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Volume CXIX No. 65 » INSIDE UConn Greater Hartford Campus to be relocated By Katherine Tibedo Senior Staff Writer Nikki Glaser delights with sexual humor Another SUBOG comedy hit. FOCUS/ page 5 I WANT YOU Huskies play MSU in Armed Forces Classic. SPORTS/ page 12 EDITORIAL: PUERTO RICO’S PLEBISCITE VOTE IS A HISTORIC MOVEMENT Puerto Rico deserves affirmation by Congress. COMMENTARY/page 8 INSIDE NEWS: STORRS RECEIVES NEW INNOVATION HUB A new public-private partnership will have one of its four hubs in Storrs. NEWS/ page 2 » weather FRIDAY Sunny. High 49 Low 34 SATURDAY/SUNDAY High 52 Low 40 High 59 Low 44 » index Classifieds 3 Comics 8 Commentary 4 Crossword/Sudoku 8 Focus 5 InstantDaily 4 Sports 12 The Daily Campus 1266 Storrs Road Storrs, CT 06268 Box U-4189 Friday, November 9, 2012 In the face of rising repair and maintenance costs, the UConn Greater Hartford Campus will be moving from West Hartford to downtown Hartford within a year. “Ensuring that UConn is fully contributing to the life of our capital city is one of my highest priorities.” UConn President Susan Herbst said in a statement Thursday. “Moving the Greater Hartford campus back to the city, where it began and belongs, will better enable the campus to fulfill its academic mission, provide a major boost for downtown Hartford and save the university millions in the process.” Since UConn is still in negotiations, no specifics have been released on the new location, other than it will be an existing complex. The campus, currently located in West Hartford, is in deteriorating condition. An estimated $18.4 million would be required to bring the buildings up to an acceptable state. Furthermore, updates and repairs need to be made to the technology infrastructure, and the mechanical systems in the three main campus buildings need to be completely replaced. Combined, nearly $25 million would be needed to keep the campus operation- al, in addition to the $7.2 million spent on continual repairs to the campus over the past four years. “Ensuring that UConn is fully contributing to the life of our capital city is one of my highest priorities.” -Susan Herbst President of UConn The Greater Hartford campus is home to over 2,100 undergraduates with approximately 60 full-time faculty members. Many of its graduate and undergraduate programs greatly interact with the surrounding environment, and thus are limited by being located outside of the city. The new locations will aid the growth of programs such as initiatives working on K-12 education, and UConn Department of Public Policy’s Master of Public Administration pro- Photo courtesy of UConn Today Students walk across the UConn Greater Hartford Campus in West Hartford. The campus is scheduled to be moved from West Hartford to downtown Hartford within a year. gram, which requires students to complete a professional internship, many of which are located in Hartford. UConn opened a campus in Hartford in 1939. That campus was moved to West Harford in 1970. UConn Media Relations Associate Stephanie Reitz said in an email that the suburban location has held back the development of the Students support Israel through UConn Political Action Committee By David Wise Campus Correspondent Support for the survival of Israel and its alliance with the United States has renewed its presence at UConn through the UConn Political Action Committee (UPAC). The group introduced its purposes and initiatives about this pertinent subject in a meeting on Oct. 15 and continues to promote democracy and advocate for groups that are frequently discriminated against. President Esti Nof and public relations chief Josh Squire led the interactive session. They promoted the alliance by highlighting similarities between the two countries’ democracies, as well as arguments for Israel’s existence amid growing external threats. After introducing some essential facts about Israel, Nof presented the main focuses of the club. The first is to promote democracy while being impartial. The second is to promote equal rights between commonly discriminated groups, like women and homosexuals. Nof pointed out there are many Christians living in Israel who were formerly persecuted in other areas of the world. The final major focus is the rising threat of Iran wielding nuclear weapons and its refusal of Israel’s right to exist, frightening prospects Israel has to face. Some of the U.S.-Israeli alliance’s most important assets were presented, such as the fact that Israel has kept a 75 percent return rate of the U.S.’s $3 billion of lent foreign aid. Squire emphasized that both countries have neoliberal interests, holding the belief that if democracies work together, countries are less likely to go to war. Nof said the club’s steps of promotion are leadership and involvement, educating others, attending conferences and being in contact with Congress. She leads a group that seeks to be politically active. “It is common at a meeting to divide between leftists and rightists, and people of different religions, backgrounds and majors,” she said. “We’re not all political science majors, but we’re all politically driven, and I think that is a beautiful thing.” The group sends members to American Israeli Public Affairs Committee (AIPAC) policy and national conferences. The national conferences are the largest gathering of Israel supporters in the country, held annually in Washington. UPAC tries to maintain involvement with Congress, as they have met with U.S. Rep Joe Courtney (D-2nd District) on Capitol Hill. Students of various majors and backgrounds attended, as the group welcomes all people “with an open mind and passion for leadership,” according to UPAC’s Facebook page. “I think that this group is like a mold that everyone can put their hands on and add to,” she said. Nof most prided herself on the club’s diversity, evident in the meeting’s seven of 11 non-Jewish attendee turn-out rate, allowing different types of voices to contribute to the group. Attendees’ majors ranged from economics to psychology. A graduate student and the president of UConn College Democrats of America, Molly Rockett, was among the six of 11 attendees currently studying political science. Rockett praised “the nonpartisan aspect of the meeting and the focus on engagement.” “What really fascinated me was the human rights angle,” she said. “I think a lot of people can find common ground.” Sam Kleinman, vice president of Israeli Affairs at UConn Hillel, the organization for on-campus Jewish social life, was also in attendance. “It’s great to see a culmination of people from diverse backgrounds supporting Israel on campus,” he said. “Israel truly has something for everyone.” Nof explained the group invites people in opposition of Israel to come to meetings, consider the information offered and challenge it if necessary. campus. In addition, UConn wishes to integrate itself more in Hartford by moving back to the city. By bringing the Greater Hartford Campus back to downtown Hartford, the University believes the campus can achieve its full potential. Herbst said, “The campus was originally intended to offer an urban education near the seat of state government and there is no better place to accomplish that than in the heart of downtown. This will be a win-win for UConn, our students and the City of Hartford.” The current West Hartford campus will be sold after the completion of the move. By Brittany M. Bousquet Campus Correspondent year of work went into preparing UConn to be able to open the Google Apps for Education. Initially the transfer to Google Apps was optional. This transfer started in 2011, and since then, roughly half of UConn’s students have either opted in or have simply been started in Google Apps. The migration is now being mandated for two reasons. The first reason is that the Attorney General had initially required that students opt into Google Apps, according to Josh Boggis, Team Leader of Unified Communications Group. That restriction has now been waived. The second reason the switch is being mandated is because the Huskymail system is antiquated and no longer needs to be running. Smith also said that a replacement system for Huskymail would be costly. With the positive feedback Google Apps has received, it makes sense to consolidate all student email services into Google Apps. “Gmail offers many great benefits,” said Smith. “Large mailboxes, excellent spam filtering, a tagging system and a modern user interface for both the web and mobile devices.” Boggis said he wants students to know about the benefits Google Apps offers. “With Huskymail, there was only mail,” said Boggis. “With Google Apps, students have access to Google Calendar, Google Talk and Google Drive.” UConn to finalize transition from Huskymail to Gmail On Dec. 15, students at the University of Connecticut will be mandated to switch from Huskymail to Gmail. The transfer to Google Apps has been in the works for several years “In October 2009, UITS and USG held a joint forum called The Huskymail Sucks Forum where students had an opportunity to voice their concerns with the current Huskymail and their ideas for what a future service should look like,” said Matthew Smith, Linux and Virtualization Team Lead in UITS. “With GoogleApps, students have access to Google Calendar, Google Talk and Google Drive.” -Josh Boggis Team Leader of Unified Communications Group Because it is a university, UConn had to put out a bid for a new email system. Google was the only company to respond. From there, more than a What’s on at UConn today... 12 p.m. to 4:30 p.m. Benton Museum of Art The Benton Art Museum will host the creations of the contemporary artist Shimon Attie. Women’s Volleyball vs. USF 7 p.m. to 9 p.m. Gampel Pavilion UConn will play USF at Gampel Pavilion. Admission is free. Men’s Hockey vs. Sacred Heart 7:05 p.m. to 10:05 p.m. Freitas Ice Forum UConn will play Sacred Heart at the Freitas Ice Forum. Late Night Goes Back To Kindergarten 9 p.m. to 1 a.m. Student Union Come to Late Night and spend an evening of kindergarten-themed festivities. There will be karaoke, crayon art and more. -CHRISTIAN FECTEAU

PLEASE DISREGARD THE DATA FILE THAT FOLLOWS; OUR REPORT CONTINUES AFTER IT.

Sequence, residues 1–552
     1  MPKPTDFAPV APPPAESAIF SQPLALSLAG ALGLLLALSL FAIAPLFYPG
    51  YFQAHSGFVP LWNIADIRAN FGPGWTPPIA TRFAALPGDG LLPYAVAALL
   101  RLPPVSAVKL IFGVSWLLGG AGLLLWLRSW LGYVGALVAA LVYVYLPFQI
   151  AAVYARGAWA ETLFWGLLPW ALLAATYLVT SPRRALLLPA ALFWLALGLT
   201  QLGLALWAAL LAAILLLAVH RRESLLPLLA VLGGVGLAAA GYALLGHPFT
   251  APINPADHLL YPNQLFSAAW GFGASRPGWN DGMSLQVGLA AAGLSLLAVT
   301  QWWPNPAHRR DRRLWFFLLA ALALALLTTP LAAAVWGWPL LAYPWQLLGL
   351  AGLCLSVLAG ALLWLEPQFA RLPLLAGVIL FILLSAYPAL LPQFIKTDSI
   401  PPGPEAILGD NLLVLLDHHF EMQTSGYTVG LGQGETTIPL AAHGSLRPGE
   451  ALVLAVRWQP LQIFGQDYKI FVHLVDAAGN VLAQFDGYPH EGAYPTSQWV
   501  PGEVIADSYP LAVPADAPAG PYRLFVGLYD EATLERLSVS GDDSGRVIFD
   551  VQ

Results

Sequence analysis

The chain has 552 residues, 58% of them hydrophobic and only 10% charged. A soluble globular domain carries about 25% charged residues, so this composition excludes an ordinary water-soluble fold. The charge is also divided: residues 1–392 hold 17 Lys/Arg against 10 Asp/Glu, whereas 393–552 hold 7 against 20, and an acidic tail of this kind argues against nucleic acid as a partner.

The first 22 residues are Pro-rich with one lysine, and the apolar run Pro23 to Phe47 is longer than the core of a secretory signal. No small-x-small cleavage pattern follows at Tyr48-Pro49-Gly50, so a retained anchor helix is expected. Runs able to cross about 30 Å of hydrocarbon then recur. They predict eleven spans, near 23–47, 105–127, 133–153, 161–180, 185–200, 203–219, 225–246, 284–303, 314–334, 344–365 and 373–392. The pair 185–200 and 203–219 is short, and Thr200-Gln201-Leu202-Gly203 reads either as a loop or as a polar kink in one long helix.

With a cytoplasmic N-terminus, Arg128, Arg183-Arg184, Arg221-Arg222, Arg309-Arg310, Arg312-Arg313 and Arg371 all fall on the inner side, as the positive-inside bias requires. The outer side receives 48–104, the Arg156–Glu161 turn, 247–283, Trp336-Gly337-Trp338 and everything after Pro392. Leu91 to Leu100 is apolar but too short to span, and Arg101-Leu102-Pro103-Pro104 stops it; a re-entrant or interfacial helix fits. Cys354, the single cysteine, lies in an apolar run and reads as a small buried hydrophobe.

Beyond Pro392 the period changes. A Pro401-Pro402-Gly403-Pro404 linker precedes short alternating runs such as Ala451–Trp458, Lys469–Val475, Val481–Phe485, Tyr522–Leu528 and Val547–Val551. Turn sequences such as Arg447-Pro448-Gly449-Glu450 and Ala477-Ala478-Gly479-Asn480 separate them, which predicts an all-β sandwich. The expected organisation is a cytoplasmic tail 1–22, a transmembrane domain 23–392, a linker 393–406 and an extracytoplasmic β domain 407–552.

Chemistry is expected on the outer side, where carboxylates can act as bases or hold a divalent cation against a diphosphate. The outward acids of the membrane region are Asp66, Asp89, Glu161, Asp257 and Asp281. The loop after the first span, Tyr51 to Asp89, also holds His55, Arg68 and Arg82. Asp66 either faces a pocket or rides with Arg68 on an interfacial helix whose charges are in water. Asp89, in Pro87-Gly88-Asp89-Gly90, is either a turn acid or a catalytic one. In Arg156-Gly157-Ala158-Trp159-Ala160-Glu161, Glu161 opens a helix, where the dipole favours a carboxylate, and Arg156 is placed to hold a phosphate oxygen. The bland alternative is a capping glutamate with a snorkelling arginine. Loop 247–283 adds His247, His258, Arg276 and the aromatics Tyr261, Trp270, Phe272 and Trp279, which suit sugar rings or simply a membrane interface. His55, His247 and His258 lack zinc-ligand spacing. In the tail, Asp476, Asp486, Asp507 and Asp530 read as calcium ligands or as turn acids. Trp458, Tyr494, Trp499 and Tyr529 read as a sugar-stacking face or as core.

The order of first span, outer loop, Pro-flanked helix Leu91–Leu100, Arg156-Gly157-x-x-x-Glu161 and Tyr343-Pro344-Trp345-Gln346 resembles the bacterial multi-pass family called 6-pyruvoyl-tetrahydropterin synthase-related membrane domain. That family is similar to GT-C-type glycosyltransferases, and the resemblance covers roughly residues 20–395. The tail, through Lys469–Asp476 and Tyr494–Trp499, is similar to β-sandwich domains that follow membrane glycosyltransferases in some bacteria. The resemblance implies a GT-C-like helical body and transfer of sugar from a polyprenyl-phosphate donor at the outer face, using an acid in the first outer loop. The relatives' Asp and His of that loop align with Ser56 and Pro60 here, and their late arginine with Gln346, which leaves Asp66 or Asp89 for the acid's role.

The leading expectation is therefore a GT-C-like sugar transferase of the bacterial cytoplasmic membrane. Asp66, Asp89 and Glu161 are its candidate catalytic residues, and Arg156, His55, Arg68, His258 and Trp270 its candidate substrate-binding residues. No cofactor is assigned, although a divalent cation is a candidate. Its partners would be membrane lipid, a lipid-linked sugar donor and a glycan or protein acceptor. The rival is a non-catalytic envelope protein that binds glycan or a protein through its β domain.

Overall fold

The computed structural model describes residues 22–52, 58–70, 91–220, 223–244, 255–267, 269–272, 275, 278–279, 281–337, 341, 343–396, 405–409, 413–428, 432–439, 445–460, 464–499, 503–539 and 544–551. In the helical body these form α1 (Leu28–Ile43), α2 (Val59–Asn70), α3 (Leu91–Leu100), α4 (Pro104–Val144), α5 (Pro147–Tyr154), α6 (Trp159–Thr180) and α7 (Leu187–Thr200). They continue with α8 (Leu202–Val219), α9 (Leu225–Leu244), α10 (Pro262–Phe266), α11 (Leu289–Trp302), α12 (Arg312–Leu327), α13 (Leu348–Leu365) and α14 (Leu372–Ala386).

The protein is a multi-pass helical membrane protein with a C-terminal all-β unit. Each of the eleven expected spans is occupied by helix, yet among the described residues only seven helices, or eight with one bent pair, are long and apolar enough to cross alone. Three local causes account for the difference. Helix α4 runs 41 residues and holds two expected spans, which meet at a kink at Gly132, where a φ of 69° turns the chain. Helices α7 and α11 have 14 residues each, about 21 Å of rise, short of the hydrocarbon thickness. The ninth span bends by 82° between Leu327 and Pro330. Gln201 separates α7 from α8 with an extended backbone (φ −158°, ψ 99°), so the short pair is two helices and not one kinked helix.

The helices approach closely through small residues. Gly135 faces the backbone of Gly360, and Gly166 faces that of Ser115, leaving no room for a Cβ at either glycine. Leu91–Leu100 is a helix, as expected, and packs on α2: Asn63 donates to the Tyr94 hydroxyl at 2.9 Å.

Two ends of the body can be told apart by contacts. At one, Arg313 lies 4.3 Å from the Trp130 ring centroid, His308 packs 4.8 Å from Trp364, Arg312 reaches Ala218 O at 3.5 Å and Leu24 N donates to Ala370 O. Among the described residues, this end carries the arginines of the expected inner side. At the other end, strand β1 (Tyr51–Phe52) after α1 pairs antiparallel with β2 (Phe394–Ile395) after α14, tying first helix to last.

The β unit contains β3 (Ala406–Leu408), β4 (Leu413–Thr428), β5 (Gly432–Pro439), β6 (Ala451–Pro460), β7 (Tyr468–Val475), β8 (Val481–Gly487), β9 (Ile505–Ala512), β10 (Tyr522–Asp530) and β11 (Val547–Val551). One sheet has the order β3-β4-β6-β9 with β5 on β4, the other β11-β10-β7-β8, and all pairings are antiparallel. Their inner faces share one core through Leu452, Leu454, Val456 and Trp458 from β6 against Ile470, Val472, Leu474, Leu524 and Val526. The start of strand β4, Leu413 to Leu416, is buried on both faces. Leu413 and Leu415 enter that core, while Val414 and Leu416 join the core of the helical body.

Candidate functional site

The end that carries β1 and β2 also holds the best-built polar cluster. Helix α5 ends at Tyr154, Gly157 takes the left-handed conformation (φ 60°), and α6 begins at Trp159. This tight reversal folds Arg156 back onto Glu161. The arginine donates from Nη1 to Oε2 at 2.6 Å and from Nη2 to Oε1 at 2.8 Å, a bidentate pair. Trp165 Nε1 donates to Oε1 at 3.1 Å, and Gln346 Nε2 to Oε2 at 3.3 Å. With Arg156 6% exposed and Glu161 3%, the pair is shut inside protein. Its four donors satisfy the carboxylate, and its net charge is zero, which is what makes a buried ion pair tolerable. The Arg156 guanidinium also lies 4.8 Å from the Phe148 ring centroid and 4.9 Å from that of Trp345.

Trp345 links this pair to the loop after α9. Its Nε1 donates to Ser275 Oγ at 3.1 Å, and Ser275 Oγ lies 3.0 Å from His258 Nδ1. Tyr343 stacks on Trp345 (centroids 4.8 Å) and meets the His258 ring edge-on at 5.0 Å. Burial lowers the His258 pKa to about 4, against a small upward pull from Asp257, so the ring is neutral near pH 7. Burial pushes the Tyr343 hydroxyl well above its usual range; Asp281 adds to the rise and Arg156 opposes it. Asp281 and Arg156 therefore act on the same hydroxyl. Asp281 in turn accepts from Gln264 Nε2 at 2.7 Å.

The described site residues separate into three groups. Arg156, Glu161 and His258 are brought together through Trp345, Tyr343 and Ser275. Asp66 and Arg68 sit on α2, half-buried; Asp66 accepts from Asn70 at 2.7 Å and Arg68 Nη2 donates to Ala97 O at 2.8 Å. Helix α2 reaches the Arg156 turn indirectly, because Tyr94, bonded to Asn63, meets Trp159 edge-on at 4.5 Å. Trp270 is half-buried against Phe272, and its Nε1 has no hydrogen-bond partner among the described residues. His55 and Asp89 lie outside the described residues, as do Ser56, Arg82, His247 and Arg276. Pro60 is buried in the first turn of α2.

The Daily Campus: November 9, 2012